Photo collage illustration: An archaeologist uses a paintbrush to excavate a purplish human heart from brown dirt and rocks. Original photo by Mariana Rusanovschi/; photo editing by Emerald staff.

POETRY: Excavation

by Jena Lopez

The Valley of Kings was 
Robbed blind until all the accessible tombs
Were as empty as Christ’s tomb on Easter. 
The rest were forgotten like an unrisen Christ. 

Thousands of years later and 
Miles away in the city of Amazon,
A woman sits in her therapist’s office.
She claims ignorance of her condition. 

She sits quietly with hands folded in her lap
You hurt, the therapist says, What can I do to help you? 
I don’t know she says, I don’t know
What is your hurt? 

Yet she has  braved the tortuous path
Of insurance in America 
Because she must so she can live
But is frozen in fear. 

I’m sad. I don’t know why. 
I’m worried. I don’t know why. 
My parents are divorced.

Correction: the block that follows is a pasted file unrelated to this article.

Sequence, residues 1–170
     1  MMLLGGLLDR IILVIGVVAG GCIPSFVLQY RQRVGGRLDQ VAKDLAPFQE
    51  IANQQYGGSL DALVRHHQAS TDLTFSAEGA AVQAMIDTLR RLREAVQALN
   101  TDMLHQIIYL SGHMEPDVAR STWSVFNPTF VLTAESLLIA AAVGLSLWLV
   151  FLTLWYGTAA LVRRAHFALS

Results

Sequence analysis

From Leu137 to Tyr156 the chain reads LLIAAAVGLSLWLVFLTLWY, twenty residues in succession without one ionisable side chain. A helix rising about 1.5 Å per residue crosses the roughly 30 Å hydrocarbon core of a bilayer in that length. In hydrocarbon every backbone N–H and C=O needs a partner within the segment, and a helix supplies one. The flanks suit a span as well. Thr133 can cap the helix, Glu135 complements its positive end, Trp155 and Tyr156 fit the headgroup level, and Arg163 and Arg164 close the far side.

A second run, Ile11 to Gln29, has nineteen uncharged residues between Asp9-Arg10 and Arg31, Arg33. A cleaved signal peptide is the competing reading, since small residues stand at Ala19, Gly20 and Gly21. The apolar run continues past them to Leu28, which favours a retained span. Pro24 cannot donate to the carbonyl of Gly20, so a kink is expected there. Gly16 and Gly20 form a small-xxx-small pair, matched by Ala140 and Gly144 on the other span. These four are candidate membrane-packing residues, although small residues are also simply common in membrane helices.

She will say no more. 

Of course, she knows but 
The answer is buried deep inside
Hidden as the tomb of Tutankhamun 
And she is no Howard Carter.  

The weeks continue.
Heart, mind, body, spirit 
Are searched. 
Nothing is found.

The therapist can only offer the tools:
(Brush, shovel, pick, trowel, buckets, bulldozer) 
And the skills for her excavation
(Dig, scrape, pull, hold, brush). 

Brushing only
On the sand; she is not willing to excavate 
The ancient civilization inside her that
Holds the answers she seeks.

The hidden tombs are hardest to find
Grave robbers have already found the easiest 
Ones but only Tutankhamun’s hold the true secrets 
To the secret and lost history of pain. 

Picking up the shovel is daunting and scary because 
What if she excavates the tomb and
Finds nothing to explain
All the hurt. 

Jena Lopez is a behavioral health social worker based in Seattle.

📸 Featured Image: Original photo by Mariana Rusanovschi/; photo editing by Emerald staff.

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